This presentation was what was presented as part of the IT Solutions webcast series.the webinar was designed to provide information provides recommendations on HW and system specification, best practice configuration, setup, management, roadmap and vision for planning. Information was presented on Industry trends & challenges: Smart Computing for product development by: • Prashant Avashia, Software Engineer, Systems and Technology Group, IBM • Simulation data management for engineering productivity • Sanjay Angadi, Senior Product Manager, ANSYS • Smart Storage ‐ scalable storage for simulation • Prashant Avashia, Software Engineer, Systems and Technology Group, IBM

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Webinars

Turbocharger Design and Analysis Best Practices using ANSYS Turbo Tools

Turbochargers are increasingly used on a wide range of vehicles as one means to improve fuel economy. Manufacturers are challenged to deliver reliable, high performance, efficient turbochargers with a wide operating range, and to do so in a short period of time. This webinar presents best practice usage of the ANSYS suite of turbomachinery design and analysis tools for turbochargers. The focus will be on the aerodynamics tools, and how usage of best practices enhances product development processes and the ability to meet performance and time requirements.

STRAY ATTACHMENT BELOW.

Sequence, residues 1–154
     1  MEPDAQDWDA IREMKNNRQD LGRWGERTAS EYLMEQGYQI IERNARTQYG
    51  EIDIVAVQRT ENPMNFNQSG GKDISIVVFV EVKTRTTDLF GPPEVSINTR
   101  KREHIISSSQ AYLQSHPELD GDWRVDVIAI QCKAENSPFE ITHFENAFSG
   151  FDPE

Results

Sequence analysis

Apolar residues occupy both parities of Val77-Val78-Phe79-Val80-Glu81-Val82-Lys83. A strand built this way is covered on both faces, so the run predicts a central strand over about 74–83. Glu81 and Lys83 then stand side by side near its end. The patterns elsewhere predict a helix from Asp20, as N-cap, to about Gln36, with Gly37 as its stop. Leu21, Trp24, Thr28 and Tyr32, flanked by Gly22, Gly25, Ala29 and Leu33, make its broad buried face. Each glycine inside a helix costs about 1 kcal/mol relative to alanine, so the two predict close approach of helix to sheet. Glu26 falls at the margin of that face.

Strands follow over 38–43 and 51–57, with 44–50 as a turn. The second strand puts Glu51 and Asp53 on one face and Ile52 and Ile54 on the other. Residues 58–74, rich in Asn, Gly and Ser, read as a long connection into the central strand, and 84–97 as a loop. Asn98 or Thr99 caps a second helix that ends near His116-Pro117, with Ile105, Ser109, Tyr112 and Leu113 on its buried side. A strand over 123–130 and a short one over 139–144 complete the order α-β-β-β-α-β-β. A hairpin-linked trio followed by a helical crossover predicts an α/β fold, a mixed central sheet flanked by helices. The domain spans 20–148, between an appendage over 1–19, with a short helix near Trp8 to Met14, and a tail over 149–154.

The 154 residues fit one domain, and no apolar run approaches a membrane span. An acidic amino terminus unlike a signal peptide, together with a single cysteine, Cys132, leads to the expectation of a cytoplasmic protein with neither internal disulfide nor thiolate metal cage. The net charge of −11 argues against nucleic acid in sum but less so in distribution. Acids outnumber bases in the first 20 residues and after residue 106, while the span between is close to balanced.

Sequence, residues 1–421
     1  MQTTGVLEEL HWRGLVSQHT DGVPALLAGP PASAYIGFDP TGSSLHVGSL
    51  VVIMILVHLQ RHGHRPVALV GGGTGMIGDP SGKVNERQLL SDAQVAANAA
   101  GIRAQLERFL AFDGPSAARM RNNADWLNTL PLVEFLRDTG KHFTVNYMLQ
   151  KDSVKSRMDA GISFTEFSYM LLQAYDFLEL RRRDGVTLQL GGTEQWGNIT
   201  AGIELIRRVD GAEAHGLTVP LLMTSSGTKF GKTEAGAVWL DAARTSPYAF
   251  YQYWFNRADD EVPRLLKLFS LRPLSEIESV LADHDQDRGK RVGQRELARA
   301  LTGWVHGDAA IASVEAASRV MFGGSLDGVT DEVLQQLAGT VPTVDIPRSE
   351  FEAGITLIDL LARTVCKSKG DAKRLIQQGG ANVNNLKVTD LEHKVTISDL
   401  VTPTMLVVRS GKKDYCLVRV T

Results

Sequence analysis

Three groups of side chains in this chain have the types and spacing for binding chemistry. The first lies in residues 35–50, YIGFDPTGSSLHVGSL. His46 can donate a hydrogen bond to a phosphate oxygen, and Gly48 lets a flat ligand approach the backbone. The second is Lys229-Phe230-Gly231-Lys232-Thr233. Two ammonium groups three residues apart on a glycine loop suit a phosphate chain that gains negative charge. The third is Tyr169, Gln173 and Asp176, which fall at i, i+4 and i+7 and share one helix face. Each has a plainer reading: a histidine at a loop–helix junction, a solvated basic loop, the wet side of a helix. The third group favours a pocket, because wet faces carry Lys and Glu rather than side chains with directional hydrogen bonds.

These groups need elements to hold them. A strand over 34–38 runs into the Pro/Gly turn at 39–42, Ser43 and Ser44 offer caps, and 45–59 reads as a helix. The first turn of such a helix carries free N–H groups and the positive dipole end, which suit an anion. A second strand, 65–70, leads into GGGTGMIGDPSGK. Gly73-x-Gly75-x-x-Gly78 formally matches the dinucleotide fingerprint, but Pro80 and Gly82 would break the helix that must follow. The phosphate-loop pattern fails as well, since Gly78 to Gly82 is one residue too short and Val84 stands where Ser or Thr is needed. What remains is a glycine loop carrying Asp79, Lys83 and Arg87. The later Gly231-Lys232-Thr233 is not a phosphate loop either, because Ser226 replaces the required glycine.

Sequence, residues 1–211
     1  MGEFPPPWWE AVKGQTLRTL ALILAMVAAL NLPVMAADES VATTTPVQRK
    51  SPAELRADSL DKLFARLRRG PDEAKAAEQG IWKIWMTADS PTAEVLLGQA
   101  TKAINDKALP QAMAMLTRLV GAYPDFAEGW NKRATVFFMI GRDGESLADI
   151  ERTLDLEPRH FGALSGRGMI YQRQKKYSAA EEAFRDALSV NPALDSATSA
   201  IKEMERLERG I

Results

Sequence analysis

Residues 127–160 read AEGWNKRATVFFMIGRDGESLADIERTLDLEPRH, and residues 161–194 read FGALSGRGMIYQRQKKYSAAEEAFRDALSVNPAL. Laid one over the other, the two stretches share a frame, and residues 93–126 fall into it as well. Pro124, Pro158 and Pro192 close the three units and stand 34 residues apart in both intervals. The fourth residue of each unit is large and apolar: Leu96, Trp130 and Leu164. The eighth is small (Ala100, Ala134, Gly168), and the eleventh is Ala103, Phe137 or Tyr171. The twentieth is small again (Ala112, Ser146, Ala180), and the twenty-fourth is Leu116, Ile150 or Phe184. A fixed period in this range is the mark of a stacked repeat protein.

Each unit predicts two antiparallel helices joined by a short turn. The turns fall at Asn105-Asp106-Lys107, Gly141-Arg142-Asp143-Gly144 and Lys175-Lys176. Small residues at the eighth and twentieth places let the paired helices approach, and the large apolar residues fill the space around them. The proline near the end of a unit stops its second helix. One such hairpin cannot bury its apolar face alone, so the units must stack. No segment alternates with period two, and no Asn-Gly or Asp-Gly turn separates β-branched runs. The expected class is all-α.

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Technical Brief

Automotive Hydraulic Pump Simulation

Automotive pumps take two forms: hydraulic and centrifugal. Hydraulic pumps are positive displacement pumps, with fl ow rate a direct function of rotational velocity. In the automotive industry, hydraulic pumps include gear pumps, gerotor pumps, vane pumps and piston pumps. Vehicle applications include fuel pumps, super-charging pumps, power-steering pumps, automatic transmission pumps and many others. Hydraulic pumps must be designed to avoid leakage and cavitation. Additional objectives include minimizing fuel noise and maximizing volumetric efficiency.

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White Papers

Optimizing Business Value in High-Performance Engineering Computing

To improve quality and reliability and to reduce cost and time-to-market, manufacturers and their supply chain are adopting engineering design and analysis approaches to tackle the ever-growing complexity and sophistication of multidisciplinary engineered products. However, the performance, scale and capabilities required for today’s engineering simulation workloads strain many legacy engineering HPC environments that previously were centered around an individual engineer’s desktop or a departmental IT resource. There is enormous stress placed on IT to deliver very high-performance computing and data management, and to protect intellectual property in an increasingly global collaborative and mobile world while improving IT efficiency.